APA Selects Lykes for Award
Lynch School of Education Professor M. Brinton Lykes has been named winner of the American Psychological Association’s 2013 International Humanitarian Award, in recognition of her sustained and enduring humanitarian services to underserved populations and her many contributions to international psychology.
The award, overseen by the APA’s Committee on International Relations in Psychology, honors extraordinary humanitarian service and activism by a psychologist or a team of psychologists, including professional and/or volunteer work conducted primarily in the field with underserved populations.
“Extraordinary humanitarian services” are defined as professional activities initiated by psychologists, working alone or in association with others, to help alleviate severe stress and restore psychological well-being to a group of people in a variety of difficult circumstances, such as a natural or person-induced disaster, a national or international incident, a civil war or a forced migration.
As a community-cultural psychologist, Lykes is focused on documenting and responding to the effects of state-sponsored violence and human rights violations in collaboration with those directly and indirectly affected.
Her work has brought her all over North America: to Boston working with Latino middle school youth and collaborating with unauthorized migrants; to rural Guatemala seeking answers and reparations alongside Mayan women survivors of armed conflict and sexual violence; and to her hometown of New Orleans, post-Katrina, teaming with African-American and Latina community-based health promoters to develop new models of cross-community leadership.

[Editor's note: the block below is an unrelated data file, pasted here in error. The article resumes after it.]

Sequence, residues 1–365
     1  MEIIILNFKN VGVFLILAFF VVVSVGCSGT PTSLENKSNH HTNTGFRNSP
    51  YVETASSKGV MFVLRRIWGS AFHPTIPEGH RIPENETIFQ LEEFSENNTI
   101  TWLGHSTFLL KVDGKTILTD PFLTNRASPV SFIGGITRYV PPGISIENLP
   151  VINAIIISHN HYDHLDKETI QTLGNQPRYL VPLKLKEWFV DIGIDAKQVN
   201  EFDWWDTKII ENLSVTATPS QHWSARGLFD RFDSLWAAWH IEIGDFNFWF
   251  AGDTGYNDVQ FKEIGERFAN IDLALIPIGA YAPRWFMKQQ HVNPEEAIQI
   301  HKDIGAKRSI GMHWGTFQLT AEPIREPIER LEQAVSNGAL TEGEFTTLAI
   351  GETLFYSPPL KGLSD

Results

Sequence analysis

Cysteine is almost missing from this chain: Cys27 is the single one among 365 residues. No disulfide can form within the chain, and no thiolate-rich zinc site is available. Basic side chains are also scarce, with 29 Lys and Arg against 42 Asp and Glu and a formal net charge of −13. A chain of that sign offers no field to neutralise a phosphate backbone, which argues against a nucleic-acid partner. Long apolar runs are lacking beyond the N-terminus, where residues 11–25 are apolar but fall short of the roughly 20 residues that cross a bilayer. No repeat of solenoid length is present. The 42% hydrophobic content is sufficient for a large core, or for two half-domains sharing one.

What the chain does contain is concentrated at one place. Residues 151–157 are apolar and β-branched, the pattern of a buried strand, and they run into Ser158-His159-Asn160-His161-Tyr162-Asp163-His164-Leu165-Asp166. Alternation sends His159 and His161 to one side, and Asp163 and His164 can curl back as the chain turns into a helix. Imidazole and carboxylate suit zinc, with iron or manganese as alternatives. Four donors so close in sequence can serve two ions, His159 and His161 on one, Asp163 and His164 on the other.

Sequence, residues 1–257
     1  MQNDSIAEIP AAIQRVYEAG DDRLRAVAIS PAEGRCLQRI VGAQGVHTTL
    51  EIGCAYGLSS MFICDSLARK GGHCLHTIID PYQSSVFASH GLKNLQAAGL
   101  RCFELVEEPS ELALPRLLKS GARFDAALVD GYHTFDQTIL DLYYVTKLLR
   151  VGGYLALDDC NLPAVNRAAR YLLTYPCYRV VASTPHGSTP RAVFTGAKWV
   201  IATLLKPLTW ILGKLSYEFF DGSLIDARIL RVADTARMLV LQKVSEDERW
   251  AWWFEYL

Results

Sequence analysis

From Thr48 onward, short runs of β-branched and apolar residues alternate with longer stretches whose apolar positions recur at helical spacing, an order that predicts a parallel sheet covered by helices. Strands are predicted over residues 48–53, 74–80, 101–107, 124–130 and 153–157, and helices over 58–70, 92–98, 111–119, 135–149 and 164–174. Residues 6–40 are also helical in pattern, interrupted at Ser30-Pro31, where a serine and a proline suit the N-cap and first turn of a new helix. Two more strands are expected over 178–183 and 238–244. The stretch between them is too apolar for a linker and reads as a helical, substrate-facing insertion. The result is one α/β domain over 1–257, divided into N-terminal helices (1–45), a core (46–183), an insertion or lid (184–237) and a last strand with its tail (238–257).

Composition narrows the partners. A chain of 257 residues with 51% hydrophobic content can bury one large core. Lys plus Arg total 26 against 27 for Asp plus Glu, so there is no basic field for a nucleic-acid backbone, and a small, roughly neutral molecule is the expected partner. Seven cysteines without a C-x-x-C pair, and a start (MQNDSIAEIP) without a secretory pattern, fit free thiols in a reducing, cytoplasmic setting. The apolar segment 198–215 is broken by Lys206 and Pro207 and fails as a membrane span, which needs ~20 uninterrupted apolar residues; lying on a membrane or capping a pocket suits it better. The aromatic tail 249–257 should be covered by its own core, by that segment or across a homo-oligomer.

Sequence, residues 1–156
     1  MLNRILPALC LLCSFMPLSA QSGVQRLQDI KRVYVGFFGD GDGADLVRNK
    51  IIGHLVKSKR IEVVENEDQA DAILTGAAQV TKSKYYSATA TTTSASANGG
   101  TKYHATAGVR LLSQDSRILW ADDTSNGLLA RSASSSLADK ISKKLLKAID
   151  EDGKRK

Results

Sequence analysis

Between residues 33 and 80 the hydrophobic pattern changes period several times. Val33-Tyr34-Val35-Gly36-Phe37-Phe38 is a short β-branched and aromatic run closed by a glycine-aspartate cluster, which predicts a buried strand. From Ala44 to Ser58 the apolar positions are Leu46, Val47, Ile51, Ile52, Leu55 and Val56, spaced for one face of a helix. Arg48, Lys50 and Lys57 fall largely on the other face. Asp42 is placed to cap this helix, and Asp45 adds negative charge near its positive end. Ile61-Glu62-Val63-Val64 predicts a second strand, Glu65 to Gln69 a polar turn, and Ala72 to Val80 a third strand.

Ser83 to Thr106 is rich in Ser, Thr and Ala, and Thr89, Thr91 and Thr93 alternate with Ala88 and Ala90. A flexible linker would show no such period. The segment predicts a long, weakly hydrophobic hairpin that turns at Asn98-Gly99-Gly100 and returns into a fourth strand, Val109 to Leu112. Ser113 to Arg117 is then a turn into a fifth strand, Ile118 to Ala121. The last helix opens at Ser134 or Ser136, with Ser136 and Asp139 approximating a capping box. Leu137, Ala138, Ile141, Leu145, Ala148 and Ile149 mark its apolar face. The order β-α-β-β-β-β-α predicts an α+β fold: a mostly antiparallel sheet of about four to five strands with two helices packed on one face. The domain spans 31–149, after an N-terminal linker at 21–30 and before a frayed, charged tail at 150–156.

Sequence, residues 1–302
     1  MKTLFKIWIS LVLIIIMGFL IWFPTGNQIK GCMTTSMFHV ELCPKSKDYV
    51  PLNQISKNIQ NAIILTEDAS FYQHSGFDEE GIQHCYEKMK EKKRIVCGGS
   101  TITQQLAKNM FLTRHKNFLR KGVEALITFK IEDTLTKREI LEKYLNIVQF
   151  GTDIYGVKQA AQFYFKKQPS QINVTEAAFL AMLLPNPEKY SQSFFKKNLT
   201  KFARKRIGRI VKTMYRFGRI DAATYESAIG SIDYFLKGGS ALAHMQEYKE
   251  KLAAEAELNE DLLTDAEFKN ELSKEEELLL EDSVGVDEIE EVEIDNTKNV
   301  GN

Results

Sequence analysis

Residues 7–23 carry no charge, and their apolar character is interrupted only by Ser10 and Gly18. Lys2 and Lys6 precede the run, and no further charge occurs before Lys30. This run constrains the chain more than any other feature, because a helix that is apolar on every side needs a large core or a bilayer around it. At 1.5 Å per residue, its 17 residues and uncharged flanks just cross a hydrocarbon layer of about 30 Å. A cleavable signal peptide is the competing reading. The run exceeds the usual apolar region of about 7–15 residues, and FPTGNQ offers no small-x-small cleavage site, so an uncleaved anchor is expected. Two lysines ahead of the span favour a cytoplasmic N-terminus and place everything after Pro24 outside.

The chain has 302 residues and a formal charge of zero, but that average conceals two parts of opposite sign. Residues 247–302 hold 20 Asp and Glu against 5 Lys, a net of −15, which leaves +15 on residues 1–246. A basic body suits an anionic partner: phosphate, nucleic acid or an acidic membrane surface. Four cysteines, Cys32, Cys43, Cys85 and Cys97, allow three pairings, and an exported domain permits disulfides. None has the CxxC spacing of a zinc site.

“Partnering with [these people] to develop solidarity and actions that challenge the underlying causes of social injustice has sustained my ‘audacious hope,’” said Lykes, who chairs the Lynch School’s Department of Counseling, Developmental and Educational Psychology.
Lykes also is an associate director of the Center for Human Rights and International Justice at Boston College.
Earlier this academic year, she was selected for the prestigious Ignacio Martín-Baró Lifetime Peace Practitioner Award from the APA’s Society for the Study of Peace, Conflict, and Violence.
“I am deeply humbled to accept these honors as recognition of the many individuals and communities in whose lives I have shared over the past several decades,” she added.
She will be honored at the APA convention in Hawaii this summer.
Information from a Lynch School of Education article was used in this story.